If there is one ingredient that Mexican cuisine cannot live without it would be the chilli. Chillis originated in Mexico and began making their way around the globe during the 15th and 16th centuries after the voyage of Christopher Columbus. They are a fruit related to the common sweet capsicum but, as we know, they pack a lot more punch! It is the Capsaicin and other related chemicals known as Capsaicinoids in chillis that give them their heat when eaten or applied topically. If you have been afraid to add chilli to your Mexican meals in the past, here are some Essential Chillis for Mexican cooking that you can experiment with.
The jalapeño chilli is typically eaten when it is green, but it turns red when ripe. They have a medium heat and can be used fresh as a garnish or added to cooking for warmth and flavour. This is something people can learn about in cooking classes (click here for info about options). As for getting them, they are the most common one found in American grocery stores. You can buy them from the supermarket in jars as well to add to your tacos or to serve alongside your Doña Cholita corn tortillas.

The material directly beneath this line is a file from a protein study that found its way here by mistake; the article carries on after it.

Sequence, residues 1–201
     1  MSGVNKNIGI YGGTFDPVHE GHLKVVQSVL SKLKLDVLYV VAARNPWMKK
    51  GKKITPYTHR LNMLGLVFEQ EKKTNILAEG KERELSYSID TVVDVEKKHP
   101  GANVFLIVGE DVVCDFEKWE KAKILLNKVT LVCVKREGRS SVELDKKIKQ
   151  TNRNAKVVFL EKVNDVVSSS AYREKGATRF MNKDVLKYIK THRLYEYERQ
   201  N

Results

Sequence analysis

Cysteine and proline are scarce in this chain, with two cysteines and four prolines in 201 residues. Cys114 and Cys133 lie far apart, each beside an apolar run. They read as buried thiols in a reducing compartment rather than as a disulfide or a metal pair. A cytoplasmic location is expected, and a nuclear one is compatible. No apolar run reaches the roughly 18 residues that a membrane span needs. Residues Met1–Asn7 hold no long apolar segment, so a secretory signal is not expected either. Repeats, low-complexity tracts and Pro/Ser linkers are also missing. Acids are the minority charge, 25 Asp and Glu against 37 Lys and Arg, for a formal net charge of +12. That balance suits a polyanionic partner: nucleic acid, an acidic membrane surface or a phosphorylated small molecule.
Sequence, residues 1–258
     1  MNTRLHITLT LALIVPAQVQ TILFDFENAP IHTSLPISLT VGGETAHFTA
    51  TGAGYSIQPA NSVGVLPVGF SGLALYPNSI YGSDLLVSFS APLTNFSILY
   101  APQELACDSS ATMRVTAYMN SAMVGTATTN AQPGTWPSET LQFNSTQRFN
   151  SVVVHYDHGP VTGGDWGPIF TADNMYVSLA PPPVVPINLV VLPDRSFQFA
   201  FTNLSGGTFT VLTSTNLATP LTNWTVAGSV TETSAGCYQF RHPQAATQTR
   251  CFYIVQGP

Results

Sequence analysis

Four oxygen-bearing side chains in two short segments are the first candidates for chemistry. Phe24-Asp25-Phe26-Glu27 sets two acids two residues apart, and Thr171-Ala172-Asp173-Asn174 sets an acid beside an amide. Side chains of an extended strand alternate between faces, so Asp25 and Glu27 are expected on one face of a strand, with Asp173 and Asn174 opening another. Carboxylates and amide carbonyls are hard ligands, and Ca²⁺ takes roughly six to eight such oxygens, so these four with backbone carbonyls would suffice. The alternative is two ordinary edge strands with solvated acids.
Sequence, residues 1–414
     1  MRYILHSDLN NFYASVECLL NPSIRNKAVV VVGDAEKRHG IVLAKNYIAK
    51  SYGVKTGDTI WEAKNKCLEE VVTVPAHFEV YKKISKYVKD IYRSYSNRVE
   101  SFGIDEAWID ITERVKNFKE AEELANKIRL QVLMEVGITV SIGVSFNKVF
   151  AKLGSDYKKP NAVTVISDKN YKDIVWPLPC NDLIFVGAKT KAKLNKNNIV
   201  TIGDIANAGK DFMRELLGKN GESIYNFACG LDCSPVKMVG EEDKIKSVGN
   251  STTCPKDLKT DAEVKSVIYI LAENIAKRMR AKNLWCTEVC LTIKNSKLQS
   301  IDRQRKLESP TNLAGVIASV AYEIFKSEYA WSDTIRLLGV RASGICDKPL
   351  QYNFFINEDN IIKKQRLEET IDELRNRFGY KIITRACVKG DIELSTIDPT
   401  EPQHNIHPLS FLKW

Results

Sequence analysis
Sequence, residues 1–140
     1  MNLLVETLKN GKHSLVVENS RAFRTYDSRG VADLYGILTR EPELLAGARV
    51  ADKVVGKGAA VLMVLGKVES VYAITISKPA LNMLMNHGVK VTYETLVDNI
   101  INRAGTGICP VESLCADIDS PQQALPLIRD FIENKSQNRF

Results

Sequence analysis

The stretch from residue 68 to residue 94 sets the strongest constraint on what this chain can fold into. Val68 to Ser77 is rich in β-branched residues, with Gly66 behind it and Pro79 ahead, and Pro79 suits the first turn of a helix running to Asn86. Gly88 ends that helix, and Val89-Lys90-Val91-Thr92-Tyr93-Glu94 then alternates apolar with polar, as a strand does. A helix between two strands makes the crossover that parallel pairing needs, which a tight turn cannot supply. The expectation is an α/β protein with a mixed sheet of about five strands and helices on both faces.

The Chipotle chilli is a dried and smoked version of the Mexican jalapeño chilli. They are added to Mexican cooking for their mild but earthy warmth and spice. Dry toast the chipotles and then soak them in water before using. They are also available in cans as Chipotles in Adobo sauce, which is a tangy, slightly sweet red sauce. They are handy for adding hot, smoky flavouring to Mexican cooking.
The Habanero chilli is a lantern shaped chilli that turns orange and red as it ripens. Don’t be fooled by its pretty appearance! The Habanero is the hottest chilli commonly used in Mexican cooking. Be very careful when preparing and eating them. They are for the brave only!
The Pasilla chilli is a dark, thin, long, dried chilaca pepper. Pasillas are generally used in sauces or moles and go well with fruits, duck, seafood, lamb, mushrooms, garlic, fennel, honey or oregano.
The Arbol chilli can be found fresh, dried or in ground form for making sauces, soups and stews. You can substitute Cayenne pepper in most recipes.
Looks like a dark green capsicum, but has a little spice. These are now available fresh off the supermarket shelf & are AMAZING served as chiles rellenos – stuffed with cheese and fried. Try our Chiles Rellenos recipe here.
These are just six types of many essential chillis for Mexican cooking but we think it’s a good place to start next time you are preparing your favourite Mexican meals.
Some other popular chillis in Mexico include Serrano (pictured above), a deliciously spicy chilli that is perhaps even more common place than Jalapeños, Guajillo a dried chilli that gives a sweet yet spicy flavour, Ancho the dried version of chile poblano, the list goes on…